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OpenGL Pointlight: Range vs. Attenuation - how to match them?

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Hi guys. Im playing around with Range and Attenuation at the moment, and I have problems making them match. I would like a setup, where the light is just about zero at the max range, to avoid the popping effect, when the light's boundingvolume (BV->radius == pointlight->range) collides with the object that is to be lighted. Furthermore, I would like a light that is at (or close to) max. intensity when up close, with a fair falloff as range increases, and then a steep falloff to 0 light on the last 10% of the light. I wonder if there are any formulas out there for matching range and attenuation? How do you solve the range vs. attenuation problem? PS: I use the three attenuation values, that MS uses, and which seem to be standard (Attenuation0, Attenuation1, Attenuation2 (D3DLight structure), OpenGL calls them constant, linear and quadratic). [Edited by - Mercenarey on September 14, 2007 6:47:08 PM]

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In general I find the standard D3D & OGL lighting pipeline to be pretty useless in this area. What you really want is a light that has a min and a max distance. At or closer than the min distance it is at maximum brightness, at or beyond the max distance it's at zero, and in between it is a linear falloff. Yes, I said linear, not quadratic. It's not physically correct, but monitors have such a limit gamut that most artists prefer this behaviour.

Which basically means dropping the fixed-function pipeline and doing some vertex shaders, doing the lighting on the CPU. It's not a terrible thing.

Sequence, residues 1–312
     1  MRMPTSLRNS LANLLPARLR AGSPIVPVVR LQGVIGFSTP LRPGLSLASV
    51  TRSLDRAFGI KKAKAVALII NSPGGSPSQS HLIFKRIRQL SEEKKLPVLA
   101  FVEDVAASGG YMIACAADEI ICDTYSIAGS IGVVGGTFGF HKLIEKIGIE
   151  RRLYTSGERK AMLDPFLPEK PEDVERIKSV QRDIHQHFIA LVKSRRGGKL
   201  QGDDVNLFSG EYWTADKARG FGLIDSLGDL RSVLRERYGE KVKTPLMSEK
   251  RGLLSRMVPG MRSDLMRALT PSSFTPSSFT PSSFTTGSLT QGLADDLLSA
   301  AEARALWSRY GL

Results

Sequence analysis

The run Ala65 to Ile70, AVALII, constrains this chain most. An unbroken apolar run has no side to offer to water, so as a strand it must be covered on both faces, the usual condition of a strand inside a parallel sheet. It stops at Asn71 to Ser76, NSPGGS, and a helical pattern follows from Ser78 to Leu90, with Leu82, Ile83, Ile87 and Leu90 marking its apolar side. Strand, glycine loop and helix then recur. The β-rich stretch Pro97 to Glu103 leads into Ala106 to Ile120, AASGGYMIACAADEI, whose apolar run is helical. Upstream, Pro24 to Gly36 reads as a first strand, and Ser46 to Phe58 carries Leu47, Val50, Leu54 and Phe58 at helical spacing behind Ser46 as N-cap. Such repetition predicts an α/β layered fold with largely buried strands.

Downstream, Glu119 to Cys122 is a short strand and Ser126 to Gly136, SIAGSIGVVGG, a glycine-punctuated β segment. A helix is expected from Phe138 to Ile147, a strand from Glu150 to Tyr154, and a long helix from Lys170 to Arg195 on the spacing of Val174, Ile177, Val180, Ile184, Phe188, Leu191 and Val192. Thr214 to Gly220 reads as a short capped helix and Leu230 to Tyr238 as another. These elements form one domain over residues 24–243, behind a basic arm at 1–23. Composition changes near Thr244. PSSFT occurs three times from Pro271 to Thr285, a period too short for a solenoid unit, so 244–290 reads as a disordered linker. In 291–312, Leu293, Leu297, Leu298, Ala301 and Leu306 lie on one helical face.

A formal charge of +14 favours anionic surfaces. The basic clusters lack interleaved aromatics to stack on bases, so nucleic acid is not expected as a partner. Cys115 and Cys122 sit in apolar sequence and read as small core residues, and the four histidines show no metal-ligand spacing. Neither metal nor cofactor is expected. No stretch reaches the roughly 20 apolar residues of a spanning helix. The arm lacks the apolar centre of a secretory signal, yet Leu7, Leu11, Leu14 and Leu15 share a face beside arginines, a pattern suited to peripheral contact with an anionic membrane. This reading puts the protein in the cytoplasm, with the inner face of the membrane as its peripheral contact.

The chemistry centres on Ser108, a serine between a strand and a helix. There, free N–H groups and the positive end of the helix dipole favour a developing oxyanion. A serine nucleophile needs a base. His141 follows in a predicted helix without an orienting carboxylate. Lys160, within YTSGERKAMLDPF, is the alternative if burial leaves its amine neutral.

If you're using an HDR pipeline, you may want to go more physically-correct and use fancier falloffs. I don't any experience with HDR pipelines, but I know they open an entirely new and more challenging can of worms.

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Original post by TomForsyth
In general I find the standard D3D & OGL lighting pipeline to be pretty useless in this area. What you really want is a light that has a min and a max distance. At or closer than the min distance it is at maximum brightness, at or beyond the max distance it's at zero, and in between it is a linear falloff. Yes, I said linear, not quadratic. It's not physically correct, but monitors have such a limit gamut that most artists prefer this behaviour.

I agree that it's often more convenient to work within user-defined intensity and distance bounds, but the existing framework is far more flexible than what you propose. It's a bit of a pain, but with a little bit of algebra you can fit a quadratic curve to give the same effect in a much more realistic way. Anyway, if you don't like the inverse-square attenuation it's your prerogative to set the quadratic coefficient to zero.

Admiral

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The intensity equation is 1/(A*d^2 + B*d + C). Note the reciprocal! There's no way to make that zero at a user-defined distance. Which is why it's rubbish.

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Original post by TomForsyth
The intensity equation is 1/(A*d^2 + B*d + C). Note the reciprocal! There's no way to make that zero at a user-defined distance. Which is why it's rubbish.

Granted, that can make things a little awkward for us, but I'm sure there would be uproar from those who want truly realistic lighting model if it were impossible to have them attenuate as an inverse-square. Perhaps adding a linear term outside of the reciprocal would solve out problems.

Anyway, the FFP is on the brink of extinction. With dynamic flow control in recent shader models, we are free to make our lights behave in whatever perverse ways satisfy our desires.

Admiral

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